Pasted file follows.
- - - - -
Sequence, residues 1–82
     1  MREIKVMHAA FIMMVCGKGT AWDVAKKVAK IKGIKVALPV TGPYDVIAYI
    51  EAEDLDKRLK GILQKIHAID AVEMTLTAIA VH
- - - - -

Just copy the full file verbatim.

Sequence, residues 1–82
     1  MREIKVMHAA FIMMVCGKGT AWDVAKKVAK IKGIKVALPV TGPYDVIAYI
    51  EAEDLDKRLK GILQKIHAID AVEMTLTAIA VH